This is the article that appeared in the December 2023 edition of Catalyst, our monthly journal. The date that prints out reflects the day that it was uploaded to our website. For a more accurate date of when the article was first published, check out the news release, here.
Election day was a bad day for pro-lifers. They need to learn some lessons if progress is to be made.
It is not easy to win when the pro-life side is outspent by enormous margins, and that is exactly what happened in Ohio, Kentucky and Virginia.
The pro-life side in Ohio was outspent by a margin of $24.4 million to $16.3 million. In Kentucky, the figures were $47.8 million to $29.2 million, respectively. In Virginia, $35.2 million was raised by Democrats for the state legislative races, compared to $27.6 million for the Republicans. When Virginia Republican Party chairman Rich Anderson met with senior members of the Republican National Committee on Columbus Day, asking for help in raising money, he was turned down.
Money is tied to voter turnout, and the Democrats succeeded on that measure in all three states. While money is important, there are lessons that transcend this issue that pro-lifers must grasp.
It is a staple in pro-life circles to say they need to do a better job in messaging. Thats true but it belies a bigger problem: their message is wrong.
The fact is the American people will never vote for a complete ban on abortion, and it is about time our side got the message. In Ohio, the law signed by Gov. Mike DeWine in 2019 allowed for no exceptions for rape or incest. In Kentucky, the law that went into effect after Roe v. Wade was overturned allowed for no exceptions.
These laws are a non-starter. Moreover, they play into the hands of demagogues. In Kentucky, the pro-abortion side ran ads saying, “To tell a 12-year-old girl she must have the baby of her stepfather who raped her is unthinkable.” Even in Virginia, where the law allowed for exceptions, ads were run saying the pro-life candidates “will take away your rights.”
Some may say that if allowing for the usual exceptions didn’t work in Virginia, whats wrong with an absolute ban? For one, an absolute ban guarantees failure. Second, as the Wall Street Journal put it, Virginia witnessed “razor-edge races [that] hardly amount to a grand rebuke of Gov. [Glenn] Youngkin.” In fact, the Democrats lost in key swing districts.
The moral issue is paramount. Is it acceptable for Catholics to vote for a candidate who is not opposed to all abortions? The answer is a qualified yes. If the choice is between candidates who are all in the pro-abortion camp, though not to the same degree, then the candidate who is the least pro-abortion can in good conscience be chosen.
Intent matters as well. If the reason why someone votes for a pro-abortion candidate has nothing to do with his support for abortion—it might have to do with the candidates support for union rights—then that is also an acceptable reason to vote for such a candidate. If the vote is cast to support abortion, that is illicit.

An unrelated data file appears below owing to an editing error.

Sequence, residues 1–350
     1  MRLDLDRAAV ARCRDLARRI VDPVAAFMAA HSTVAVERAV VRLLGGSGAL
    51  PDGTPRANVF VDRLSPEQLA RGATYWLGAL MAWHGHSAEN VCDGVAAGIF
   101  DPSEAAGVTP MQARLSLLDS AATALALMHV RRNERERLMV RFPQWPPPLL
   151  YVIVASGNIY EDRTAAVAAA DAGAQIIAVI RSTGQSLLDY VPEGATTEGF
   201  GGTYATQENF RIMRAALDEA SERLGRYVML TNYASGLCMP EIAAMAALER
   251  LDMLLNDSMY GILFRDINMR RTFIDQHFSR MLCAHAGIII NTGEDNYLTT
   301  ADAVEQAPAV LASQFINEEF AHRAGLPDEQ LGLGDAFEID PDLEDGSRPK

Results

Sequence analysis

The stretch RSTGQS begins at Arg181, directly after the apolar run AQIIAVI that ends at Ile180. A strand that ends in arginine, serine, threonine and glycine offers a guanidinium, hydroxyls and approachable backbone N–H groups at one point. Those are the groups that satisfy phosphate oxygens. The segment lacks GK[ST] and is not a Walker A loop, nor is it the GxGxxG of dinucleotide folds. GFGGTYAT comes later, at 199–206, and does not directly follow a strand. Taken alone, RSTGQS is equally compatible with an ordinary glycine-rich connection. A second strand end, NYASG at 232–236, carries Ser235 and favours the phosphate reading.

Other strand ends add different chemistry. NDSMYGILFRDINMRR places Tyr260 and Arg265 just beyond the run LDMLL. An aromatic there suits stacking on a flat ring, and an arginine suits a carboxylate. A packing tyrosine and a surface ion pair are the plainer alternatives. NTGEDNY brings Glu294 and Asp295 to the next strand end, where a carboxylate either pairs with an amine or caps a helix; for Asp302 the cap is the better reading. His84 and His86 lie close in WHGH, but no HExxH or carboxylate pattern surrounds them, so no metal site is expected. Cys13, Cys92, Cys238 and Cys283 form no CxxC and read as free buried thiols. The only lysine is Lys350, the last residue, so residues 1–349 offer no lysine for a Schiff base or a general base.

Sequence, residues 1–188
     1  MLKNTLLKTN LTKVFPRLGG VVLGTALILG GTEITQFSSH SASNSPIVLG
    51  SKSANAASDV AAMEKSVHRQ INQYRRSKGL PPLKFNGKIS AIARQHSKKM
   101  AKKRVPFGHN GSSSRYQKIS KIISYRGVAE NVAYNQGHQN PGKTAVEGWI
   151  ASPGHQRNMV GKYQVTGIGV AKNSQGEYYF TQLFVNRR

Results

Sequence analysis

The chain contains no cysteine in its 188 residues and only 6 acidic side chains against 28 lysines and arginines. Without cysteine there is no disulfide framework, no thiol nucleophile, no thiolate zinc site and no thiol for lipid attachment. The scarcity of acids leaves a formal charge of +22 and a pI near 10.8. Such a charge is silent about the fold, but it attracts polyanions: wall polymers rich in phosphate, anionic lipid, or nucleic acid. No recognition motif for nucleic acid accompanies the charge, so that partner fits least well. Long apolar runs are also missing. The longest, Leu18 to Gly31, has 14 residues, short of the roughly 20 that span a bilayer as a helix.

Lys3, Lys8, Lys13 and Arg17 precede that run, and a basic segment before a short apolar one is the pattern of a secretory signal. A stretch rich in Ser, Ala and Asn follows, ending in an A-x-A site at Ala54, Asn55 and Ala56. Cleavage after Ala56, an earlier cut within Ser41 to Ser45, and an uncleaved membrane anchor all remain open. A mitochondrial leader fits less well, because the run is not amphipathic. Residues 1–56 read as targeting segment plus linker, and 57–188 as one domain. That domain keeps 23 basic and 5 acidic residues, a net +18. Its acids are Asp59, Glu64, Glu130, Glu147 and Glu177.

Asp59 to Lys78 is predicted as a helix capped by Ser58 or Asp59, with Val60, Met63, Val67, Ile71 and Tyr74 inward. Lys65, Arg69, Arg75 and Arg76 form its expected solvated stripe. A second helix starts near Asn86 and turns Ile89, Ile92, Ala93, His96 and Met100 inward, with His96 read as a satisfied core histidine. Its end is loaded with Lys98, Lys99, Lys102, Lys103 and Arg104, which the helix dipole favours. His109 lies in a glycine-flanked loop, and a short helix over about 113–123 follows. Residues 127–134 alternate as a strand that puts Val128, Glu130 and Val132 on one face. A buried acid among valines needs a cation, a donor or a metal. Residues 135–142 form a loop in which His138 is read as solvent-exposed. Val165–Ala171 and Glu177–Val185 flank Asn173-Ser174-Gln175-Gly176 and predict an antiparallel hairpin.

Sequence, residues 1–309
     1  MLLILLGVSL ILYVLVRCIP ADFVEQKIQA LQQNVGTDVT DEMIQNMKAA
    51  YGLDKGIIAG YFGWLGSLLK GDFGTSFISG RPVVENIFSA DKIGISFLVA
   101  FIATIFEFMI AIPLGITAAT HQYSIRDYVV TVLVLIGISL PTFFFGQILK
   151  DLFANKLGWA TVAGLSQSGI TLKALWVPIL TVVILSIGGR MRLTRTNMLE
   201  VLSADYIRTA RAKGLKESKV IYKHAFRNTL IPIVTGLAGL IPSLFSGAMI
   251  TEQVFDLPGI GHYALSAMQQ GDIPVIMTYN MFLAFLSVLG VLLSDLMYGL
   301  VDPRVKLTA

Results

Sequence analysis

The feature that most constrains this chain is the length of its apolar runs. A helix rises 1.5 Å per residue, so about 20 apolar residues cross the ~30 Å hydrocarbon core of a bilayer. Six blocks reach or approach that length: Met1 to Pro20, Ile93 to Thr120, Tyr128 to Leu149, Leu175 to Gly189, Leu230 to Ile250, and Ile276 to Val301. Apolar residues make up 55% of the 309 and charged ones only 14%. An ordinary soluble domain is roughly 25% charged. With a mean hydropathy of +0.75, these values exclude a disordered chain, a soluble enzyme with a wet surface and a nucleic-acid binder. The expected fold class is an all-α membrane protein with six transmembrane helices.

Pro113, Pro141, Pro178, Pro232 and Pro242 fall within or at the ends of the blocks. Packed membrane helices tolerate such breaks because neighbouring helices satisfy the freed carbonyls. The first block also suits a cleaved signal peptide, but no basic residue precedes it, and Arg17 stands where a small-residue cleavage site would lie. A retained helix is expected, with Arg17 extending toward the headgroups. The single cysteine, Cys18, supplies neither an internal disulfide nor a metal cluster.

Consider what Saint John Paul II said in Evangelium Vitae about Catholic politicians.
He wrote that “when it is not possible to overturn or completely abrogate a pro-abortion law, an elected official, whose absolute personal opposition to procured abortion was well known, could licitly support proposals aimed at limiting the harm done by such a law and lessening its negative consequences at the level of general opinion and public morality. This does not in fact represent an illicit cooperation with an unjust law, but rather a legitimate and proper attempt to limit its evil aspects.”
Similarly, as Cardinal Joseph Ratzinger (the future Pope Benedict XVI) put it, “When a Catholic does not share a candidate’s stand in favor of abortion and/or euthanasia, but votes for that candidate for other reasons, it is considered remote material cooperation, which can be permitted in the presence of proportionate reasons.”
The United States Conference of Catholic Bishops (USCCB) has issued statements that mirror what these two popes have said. For example, they have said that in circumstances where all the candidates are pro-abortion, Catholics may vote for the one who is “deemed less likely to advance such a morally flawed position and more likely to pursue other authentic human goods.”
In practical terms, the USCCB is saying that if one of the candidates is pro-abortion but is opposed to forcing doctors to perform abortions and sex-reassignment surgery, and the other pro-abortion candidate wants to do just that, then voting for the former candidate is acceptable.
The choices we are faced with are not always ideal, but prudence dictates that we choose the lesser of two evils (for the reasons Saint John Paul II and Pope Benedict XVI enumerated).
The bottom line should be clear—the ultimate goal is the end of abortion. In the process of getting there, however, we should be prepared to get what we can realistically get now and then proceed to get more. Those who take an “all or nothing” stance should be prepared to get nothing. It is better that some lives be saved than none at all.